Brian J. Pape Appointed to the NYC Waterfront Code Committee

Brian J. Pape was appointed to the Use and Accessibility Committee of the NYC DOB Building Codes Waterfront Code Committee.

With 520 miles of waterfront, New York City may have the most waterfront of any city in the country–or even the world!

And yet, there are no standard waterfront codes available in the United States for the purpose of regulating what and how things 
get built on waterfronts.

The City of New York and the Department of Buildings (DOB) have now formed a Waterfront Code Committee, a NYC DOB Building Codes project for 2023-24. Working with the consultant, AECOM, the committee will be developing a new code from “whole cloth” although it will follow the format of existing NYC Codes.

Brian J. Pape (a VillageView writer) was appointed to the Use and Accessibility Committee (one of six committees within the overall committee). On July 31, the kickoff/orientation meeting was held for the two-year project.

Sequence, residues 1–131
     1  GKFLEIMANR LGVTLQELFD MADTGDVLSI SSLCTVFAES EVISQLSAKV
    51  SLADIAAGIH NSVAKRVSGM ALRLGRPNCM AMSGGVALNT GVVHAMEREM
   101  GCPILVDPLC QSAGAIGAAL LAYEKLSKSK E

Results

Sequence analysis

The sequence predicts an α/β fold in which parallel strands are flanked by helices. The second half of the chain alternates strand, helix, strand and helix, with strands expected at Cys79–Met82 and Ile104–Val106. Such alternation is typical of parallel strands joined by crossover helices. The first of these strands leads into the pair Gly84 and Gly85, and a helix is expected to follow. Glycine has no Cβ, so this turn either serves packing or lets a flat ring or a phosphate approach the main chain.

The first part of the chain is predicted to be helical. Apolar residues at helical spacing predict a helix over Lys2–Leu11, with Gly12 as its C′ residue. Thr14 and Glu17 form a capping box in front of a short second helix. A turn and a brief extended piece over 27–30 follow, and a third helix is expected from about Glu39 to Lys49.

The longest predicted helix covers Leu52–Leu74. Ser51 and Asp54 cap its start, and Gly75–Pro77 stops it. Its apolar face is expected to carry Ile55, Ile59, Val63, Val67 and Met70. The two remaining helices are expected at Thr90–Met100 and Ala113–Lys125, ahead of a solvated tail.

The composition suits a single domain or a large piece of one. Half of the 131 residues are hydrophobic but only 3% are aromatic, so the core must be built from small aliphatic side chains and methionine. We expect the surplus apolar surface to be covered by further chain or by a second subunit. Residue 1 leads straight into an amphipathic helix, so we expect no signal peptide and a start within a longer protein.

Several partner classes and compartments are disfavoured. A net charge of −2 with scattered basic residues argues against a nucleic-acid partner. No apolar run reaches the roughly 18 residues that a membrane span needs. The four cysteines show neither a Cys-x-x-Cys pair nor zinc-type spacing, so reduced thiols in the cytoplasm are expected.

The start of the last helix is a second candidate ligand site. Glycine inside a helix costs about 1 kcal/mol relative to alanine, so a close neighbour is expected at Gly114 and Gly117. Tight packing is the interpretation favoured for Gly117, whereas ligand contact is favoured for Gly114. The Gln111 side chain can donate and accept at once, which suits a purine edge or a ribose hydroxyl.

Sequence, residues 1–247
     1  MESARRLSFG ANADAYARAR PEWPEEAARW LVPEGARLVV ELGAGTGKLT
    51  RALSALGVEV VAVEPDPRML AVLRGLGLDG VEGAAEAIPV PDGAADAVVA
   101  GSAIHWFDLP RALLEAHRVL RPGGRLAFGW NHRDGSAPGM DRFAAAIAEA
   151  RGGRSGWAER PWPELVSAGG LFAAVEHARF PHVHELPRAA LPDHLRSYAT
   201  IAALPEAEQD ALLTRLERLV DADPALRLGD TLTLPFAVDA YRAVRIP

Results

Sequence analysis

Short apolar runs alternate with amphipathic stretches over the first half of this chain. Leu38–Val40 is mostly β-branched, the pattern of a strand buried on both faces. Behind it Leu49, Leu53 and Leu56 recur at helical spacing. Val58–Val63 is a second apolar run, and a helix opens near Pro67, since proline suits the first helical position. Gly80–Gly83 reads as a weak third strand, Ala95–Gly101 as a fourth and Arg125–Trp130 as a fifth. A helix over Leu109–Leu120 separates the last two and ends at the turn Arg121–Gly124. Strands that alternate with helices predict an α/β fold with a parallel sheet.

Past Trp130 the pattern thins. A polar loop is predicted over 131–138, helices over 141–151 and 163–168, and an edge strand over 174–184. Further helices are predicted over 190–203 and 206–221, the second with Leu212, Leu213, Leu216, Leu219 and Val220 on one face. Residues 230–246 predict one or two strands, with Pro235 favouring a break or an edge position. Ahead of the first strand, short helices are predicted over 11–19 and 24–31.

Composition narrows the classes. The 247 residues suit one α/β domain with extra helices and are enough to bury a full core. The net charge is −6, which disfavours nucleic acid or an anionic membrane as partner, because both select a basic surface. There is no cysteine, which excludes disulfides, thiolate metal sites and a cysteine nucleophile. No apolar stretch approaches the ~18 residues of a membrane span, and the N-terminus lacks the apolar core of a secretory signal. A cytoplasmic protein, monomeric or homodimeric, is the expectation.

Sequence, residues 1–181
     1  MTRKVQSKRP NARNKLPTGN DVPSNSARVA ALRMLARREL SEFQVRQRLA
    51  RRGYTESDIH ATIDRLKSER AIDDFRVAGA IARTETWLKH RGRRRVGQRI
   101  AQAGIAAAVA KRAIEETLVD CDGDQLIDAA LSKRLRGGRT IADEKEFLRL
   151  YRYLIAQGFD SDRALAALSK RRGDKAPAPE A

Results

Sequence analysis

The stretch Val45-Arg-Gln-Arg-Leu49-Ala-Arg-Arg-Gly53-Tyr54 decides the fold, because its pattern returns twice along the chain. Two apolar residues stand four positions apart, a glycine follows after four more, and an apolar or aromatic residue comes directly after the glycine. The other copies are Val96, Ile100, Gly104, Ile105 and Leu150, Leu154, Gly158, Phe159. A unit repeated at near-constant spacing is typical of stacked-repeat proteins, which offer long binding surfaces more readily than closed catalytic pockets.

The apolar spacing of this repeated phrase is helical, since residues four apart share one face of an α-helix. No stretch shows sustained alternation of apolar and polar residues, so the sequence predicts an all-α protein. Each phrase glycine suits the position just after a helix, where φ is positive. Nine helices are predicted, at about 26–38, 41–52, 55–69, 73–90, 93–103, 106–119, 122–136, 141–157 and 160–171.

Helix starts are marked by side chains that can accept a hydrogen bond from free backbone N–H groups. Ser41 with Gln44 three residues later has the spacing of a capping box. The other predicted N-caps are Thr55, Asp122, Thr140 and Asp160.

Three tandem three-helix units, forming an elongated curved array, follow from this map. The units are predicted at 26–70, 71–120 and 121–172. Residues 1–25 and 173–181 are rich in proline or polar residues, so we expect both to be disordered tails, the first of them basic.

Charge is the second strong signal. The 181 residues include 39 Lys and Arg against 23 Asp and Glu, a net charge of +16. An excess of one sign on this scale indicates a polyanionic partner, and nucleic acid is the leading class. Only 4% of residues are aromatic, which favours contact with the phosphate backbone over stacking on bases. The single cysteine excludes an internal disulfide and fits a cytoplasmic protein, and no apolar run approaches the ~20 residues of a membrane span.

The work on waterfront codes is applicable for all waterfront structures. There are exceptions for buildings already covered by DOB as well as bridges and tunnels covered by other agencies. Structures covered by the new codes have an important impact on our waterfronts and neighborhoods. Examples include piers, seawalls, parks and new climate condition structures, such as flood-proofing.

Much of the news reported lately has focused on piecemeal attempts to “shore up” local parks and esplanades in the city against rising sea levels and storms. Hopefully, this new approach will provide consistency and integrated solutions for our many miles of shoreline.